I don’t think anyone would deny that these past few months have been challenging. Life has been anything but normal, and it can get overwhelming at times. It would be easy to beat yourself up by keeping a running list of all the things you think you should be doing or attitudes you should be conveying but aren’t. But wow, some days it’s a challenge just to get out of bed and get dressed. That’s why, here at Bridging the Gap, we think it’s time to cut yourself a little slack and set aside some time to take care of YOURSELF. Our writing team has put together a list of self-care ideas that might help you get started.

Change the mood in your home with some calming music. Some days, especially days when the kids are fighting, or you’ve been in the house for way too long, it’s hard to take things down a notch. At times like that, I like to find some peaceful instrumental music I enjoy and let it fill the room. A couple of my favorites are Dan Musselmen or Mezzo Piano; both share beautiful piano solos. Turn it on during dinner, devotions, or anytime you need a little peace. —Nancy Holte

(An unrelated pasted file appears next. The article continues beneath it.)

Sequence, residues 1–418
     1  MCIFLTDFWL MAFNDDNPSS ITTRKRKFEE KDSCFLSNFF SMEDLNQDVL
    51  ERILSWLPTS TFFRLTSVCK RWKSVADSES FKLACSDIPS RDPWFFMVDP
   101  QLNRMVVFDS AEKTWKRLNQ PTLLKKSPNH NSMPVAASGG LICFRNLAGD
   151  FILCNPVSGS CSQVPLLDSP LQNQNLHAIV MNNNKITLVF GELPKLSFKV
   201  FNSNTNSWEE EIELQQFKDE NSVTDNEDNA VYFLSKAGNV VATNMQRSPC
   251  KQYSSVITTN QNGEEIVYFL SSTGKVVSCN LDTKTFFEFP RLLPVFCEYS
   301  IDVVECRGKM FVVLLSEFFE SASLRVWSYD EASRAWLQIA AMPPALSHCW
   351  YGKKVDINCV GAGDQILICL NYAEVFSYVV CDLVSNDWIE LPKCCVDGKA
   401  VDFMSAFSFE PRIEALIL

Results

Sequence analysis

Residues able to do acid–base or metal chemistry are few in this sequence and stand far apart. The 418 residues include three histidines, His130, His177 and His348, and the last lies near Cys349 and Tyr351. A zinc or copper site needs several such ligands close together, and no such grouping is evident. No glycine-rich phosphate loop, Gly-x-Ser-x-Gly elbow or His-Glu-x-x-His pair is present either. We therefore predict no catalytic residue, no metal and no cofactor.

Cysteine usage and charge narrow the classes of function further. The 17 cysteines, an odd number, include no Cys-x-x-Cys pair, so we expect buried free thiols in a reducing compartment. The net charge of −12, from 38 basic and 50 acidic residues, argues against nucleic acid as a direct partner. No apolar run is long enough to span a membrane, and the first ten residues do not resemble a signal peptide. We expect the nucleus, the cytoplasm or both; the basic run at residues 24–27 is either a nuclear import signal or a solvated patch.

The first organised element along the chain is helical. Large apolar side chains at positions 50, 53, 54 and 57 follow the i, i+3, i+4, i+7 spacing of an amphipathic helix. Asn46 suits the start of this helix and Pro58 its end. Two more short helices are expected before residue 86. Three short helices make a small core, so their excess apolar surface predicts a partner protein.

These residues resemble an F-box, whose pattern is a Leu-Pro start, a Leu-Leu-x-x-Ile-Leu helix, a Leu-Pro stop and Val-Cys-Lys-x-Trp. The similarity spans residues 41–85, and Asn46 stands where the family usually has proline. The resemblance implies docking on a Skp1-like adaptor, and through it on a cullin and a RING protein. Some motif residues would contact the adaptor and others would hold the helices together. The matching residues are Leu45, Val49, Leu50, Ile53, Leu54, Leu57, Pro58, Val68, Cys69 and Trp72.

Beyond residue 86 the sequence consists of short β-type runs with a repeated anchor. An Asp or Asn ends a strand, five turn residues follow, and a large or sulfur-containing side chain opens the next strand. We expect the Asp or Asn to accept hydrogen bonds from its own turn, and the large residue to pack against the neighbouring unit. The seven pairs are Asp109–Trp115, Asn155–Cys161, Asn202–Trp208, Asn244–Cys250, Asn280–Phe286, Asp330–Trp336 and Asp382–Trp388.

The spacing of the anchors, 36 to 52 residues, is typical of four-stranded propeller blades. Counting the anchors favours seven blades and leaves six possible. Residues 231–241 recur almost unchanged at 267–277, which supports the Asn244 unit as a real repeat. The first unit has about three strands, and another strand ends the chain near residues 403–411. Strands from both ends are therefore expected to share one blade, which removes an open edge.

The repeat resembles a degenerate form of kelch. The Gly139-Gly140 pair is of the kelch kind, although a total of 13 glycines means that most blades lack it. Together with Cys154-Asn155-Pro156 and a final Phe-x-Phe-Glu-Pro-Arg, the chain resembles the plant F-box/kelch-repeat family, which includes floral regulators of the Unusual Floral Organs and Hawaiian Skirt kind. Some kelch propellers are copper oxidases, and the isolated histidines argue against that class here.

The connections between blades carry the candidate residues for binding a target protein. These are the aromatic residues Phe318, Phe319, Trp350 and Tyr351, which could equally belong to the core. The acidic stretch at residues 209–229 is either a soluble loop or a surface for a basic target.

Give yourself permission to read fiction. Last week I hit a wall. I was tired of cooking, washing dishes, Zoom meetings, and quarantine to-do lists. So, I gave myself grace, released myself from any expectation that could be postponed, and read fiction. Not a self-help book or another post with “expert information.” I totally lost myself in someone else’s story. My favorite genre is spy fiction, and I had just received the last book of a trilogy by Joel Rosenberg. I spent the next two days immersed in mystery and the intrigue of whodunit. Now that the “bad guy” was revealed and the “good guy” came to the rescue just in time, I can move forward with renewed resolve to conquer my own world again. —Becky Meyerson, A Flourishing Life